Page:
7 stress-stopping strategies

The holidays are fast approaching and stress comes wrapped in a bow.

From the pages of In Business magazine.

As the holidays roll around and the year comes to a close, many people find themselves under more duress personally and professionally. There are more deadlines, expenses, and potentially stressful interactions with family and coworkers. In order to remain productive and end the year on a high note, it’s important to maintain your focus and stay levelheaded. Here are seven (mostly) simple strategies to get through times of turmoil.

1. Practice gratitude. Anytime something goes wrong, take a deep breath and think of three things you are thankful for. This will help you put things in perspective and refocus on the positive things you take for granted.

2. Meditate. Meditation is a new addition to my daily routine. It is not a fluffy concept devoid of value — many highly successful entrepreneurs and executives swear by it. If you are completely new to the idea and looking for help, check out Headspace or Calm, two guided meditation apps that you can download on your smartphone, and start with 5 to 10 minutes of meditation in the morning or at night.

3. Work out. One of the best cures for anxiety and depression is moving your body. Hit the gym to blow off some steam or, better yet, take a walk or go for a run outside to clear your mind. This is a great way to get some “you” time and refocus on what’s important.

4. Write in a journal. Sometimes you just need to vent. Putting your thoughts in writing can be extremely therapeutic, relaxing, and help you work through issues. To begin the day on a positive note, start by journaling about things you’re thankful for and stating your intentions for the day. Before bedtime, note something you were thankful for that day, and then describe any situations that caused you stress and note how they could be — or were — resolved.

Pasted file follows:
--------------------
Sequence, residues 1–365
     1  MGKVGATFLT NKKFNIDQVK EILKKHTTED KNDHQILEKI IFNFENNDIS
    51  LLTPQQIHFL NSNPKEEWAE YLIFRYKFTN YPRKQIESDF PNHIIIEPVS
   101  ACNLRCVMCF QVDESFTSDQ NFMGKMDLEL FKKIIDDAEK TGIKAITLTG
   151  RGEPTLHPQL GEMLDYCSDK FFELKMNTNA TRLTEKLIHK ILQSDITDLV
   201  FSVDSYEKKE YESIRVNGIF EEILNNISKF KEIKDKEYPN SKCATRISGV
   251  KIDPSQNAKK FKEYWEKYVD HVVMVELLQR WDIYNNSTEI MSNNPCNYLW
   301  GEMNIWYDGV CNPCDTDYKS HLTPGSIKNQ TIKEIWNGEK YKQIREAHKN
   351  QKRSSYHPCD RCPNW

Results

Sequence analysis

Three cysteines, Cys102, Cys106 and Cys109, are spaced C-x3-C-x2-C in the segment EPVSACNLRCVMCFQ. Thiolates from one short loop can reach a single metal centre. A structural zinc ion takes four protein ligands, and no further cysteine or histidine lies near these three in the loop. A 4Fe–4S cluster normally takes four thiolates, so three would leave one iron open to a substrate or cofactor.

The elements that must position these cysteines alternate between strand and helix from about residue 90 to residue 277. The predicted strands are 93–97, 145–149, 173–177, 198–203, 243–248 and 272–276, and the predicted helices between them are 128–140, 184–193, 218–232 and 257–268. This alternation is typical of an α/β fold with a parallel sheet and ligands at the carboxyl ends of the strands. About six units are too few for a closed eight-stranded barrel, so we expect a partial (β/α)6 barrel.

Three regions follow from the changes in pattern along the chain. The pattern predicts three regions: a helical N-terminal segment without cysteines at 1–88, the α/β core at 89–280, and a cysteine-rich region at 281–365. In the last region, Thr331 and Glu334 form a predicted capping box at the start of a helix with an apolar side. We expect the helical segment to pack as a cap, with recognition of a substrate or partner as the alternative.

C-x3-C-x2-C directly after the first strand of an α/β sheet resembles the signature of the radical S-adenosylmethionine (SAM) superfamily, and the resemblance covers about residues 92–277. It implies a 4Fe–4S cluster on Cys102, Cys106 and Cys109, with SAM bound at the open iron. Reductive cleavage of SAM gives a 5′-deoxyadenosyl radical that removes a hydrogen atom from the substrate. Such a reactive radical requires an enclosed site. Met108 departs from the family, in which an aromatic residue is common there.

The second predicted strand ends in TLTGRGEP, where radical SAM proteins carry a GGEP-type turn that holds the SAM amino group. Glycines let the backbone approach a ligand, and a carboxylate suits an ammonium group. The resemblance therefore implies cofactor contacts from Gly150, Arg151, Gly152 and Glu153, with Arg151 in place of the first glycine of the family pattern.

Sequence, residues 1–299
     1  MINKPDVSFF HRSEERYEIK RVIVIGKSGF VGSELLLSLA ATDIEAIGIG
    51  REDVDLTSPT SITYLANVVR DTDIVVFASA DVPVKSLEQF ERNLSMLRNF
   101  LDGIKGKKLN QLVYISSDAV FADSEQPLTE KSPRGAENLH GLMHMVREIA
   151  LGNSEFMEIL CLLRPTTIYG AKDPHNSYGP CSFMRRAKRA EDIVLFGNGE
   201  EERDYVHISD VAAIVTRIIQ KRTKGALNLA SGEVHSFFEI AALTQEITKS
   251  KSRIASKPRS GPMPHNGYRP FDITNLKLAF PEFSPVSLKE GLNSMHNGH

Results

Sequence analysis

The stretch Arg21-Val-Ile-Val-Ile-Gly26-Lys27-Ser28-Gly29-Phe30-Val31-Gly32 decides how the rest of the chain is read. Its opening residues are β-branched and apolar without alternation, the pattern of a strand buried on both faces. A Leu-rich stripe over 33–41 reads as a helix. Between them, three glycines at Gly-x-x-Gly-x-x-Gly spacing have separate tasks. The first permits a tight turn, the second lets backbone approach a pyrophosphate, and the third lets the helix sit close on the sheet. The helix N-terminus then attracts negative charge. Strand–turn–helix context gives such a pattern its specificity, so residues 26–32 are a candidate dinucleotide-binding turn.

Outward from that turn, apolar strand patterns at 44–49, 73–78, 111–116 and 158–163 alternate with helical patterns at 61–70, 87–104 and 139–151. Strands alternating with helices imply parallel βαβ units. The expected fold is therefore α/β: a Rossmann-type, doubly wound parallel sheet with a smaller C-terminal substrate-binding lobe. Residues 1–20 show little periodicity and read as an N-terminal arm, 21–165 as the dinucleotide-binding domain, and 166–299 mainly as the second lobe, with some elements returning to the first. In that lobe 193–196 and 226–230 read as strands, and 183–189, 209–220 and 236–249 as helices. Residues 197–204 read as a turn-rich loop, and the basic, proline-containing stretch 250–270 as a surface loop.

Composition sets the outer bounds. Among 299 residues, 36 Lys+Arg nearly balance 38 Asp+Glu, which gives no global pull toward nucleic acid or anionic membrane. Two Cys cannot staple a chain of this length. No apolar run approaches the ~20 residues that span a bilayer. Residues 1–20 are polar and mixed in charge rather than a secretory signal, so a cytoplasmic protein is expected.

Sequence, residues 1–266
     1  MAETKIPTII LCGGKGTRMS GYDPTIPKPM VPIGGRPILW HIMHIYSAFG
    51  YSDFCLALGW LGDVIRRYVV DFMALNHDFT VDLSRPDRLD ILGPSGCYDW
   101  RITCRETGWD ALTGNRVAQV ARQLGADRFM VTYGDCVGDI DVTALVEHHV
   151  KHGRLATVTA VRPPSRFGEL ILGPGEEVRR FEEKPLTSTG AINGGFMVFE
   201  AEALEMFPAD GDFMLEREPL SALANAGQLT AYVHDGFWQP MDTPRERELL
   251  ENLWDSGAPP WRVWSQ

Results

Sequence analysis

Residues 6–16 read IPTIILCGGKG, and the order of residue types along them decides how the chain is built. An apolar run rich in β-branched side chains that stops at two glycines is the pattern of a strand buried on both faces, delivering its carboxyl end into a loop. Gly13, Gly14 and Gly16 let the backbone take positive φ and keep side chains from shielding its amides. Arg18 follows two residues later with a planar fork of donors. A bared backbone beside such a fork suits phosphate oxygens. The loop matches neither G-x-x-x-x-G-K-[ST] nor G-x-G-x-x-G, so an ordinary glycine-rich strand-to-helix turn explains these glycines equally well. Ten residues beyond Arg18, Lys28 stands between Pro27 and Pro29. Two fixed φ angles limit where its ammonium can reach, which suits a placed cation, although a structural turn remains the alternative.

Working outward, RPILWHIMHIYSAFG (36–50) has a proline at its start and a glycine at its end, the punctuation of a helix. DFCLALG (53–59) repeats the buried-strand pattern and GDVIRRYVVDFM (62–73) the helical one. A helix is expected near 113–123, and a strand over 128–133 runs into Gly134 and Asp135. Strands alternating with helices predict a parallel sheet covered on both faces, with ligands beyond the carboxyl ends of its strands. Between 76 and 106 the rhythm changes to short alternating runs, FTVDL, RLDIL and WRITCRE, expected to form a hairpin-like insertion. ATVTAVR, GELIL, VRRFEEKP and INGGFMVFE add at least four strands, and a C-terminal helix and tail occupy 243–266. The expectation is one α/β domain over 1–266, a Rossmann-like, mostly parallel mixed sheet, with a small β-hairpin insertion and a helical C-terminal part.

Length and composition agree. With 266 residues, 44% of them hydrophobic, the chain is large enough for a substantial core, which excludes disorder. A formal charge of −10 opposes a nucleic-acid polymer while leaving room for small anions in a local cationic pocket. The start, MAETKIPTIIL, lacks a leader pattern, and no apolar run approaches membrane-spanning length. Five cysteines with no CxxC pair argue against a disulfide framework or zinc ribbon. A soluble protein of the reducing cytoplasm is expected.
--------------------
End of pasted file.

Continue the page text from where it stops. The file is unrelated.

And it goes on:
5. Treat yourself! It’s easy to feel overwhelmed when you’re doing things for everyone else and neglecting yourself. Even if your schedule is busy, find an hour or two during which you pay attention to your own needs and even spoil yourself. Go get a massage or a pedicure, take a trip to the mall to get that new item you’ve had your eye on, or grab a drink with a friend after work. Taking time for you isn’t selfish. To be the best employee, family member, and friend you can be, it’s essential to keep yourself in the best possible mental and physical state.

6. Get to work. The best cure for being in a funk is gaining positive momentum, so get to work on a new project or something that excites you. Give that first domino a small push and everything else will seem easier. When you dwell on feeling anxious, it’s usually when you have idle time.

7. Get a good night’s sleep. When you have a long to-do list, getting a good night’s sleep is critical to your future productivity and success. Numerous studies have shown that getting an adequate amount of sleep not only helps you achieve peak mental performance, but it can generate physical benefits, as well. Make it a priority to set up a schedule that allows you to get the number of hours of quality sleep your body needs.

These are just a few suggestions to combat stress during the end-of-the-year commotion. If all else fails, one of the easiest and most effective strategies is taking a deep breath. Breathe in for three seconds, hold it for three seconds, and then breathe out for three seconds. Remember that everything is “figure-outable!”

I’d love to hear what strategies you use to help you stay calm, focused, and productive when things get hectic. Shoot me an email at Jenna@JennaAtkinsonConsulting.com.

Jenna Atkinson is the president of CONNECT Madison, a young professionals group offering development, community engagement, and relationship-building opportunities to local business leaders.

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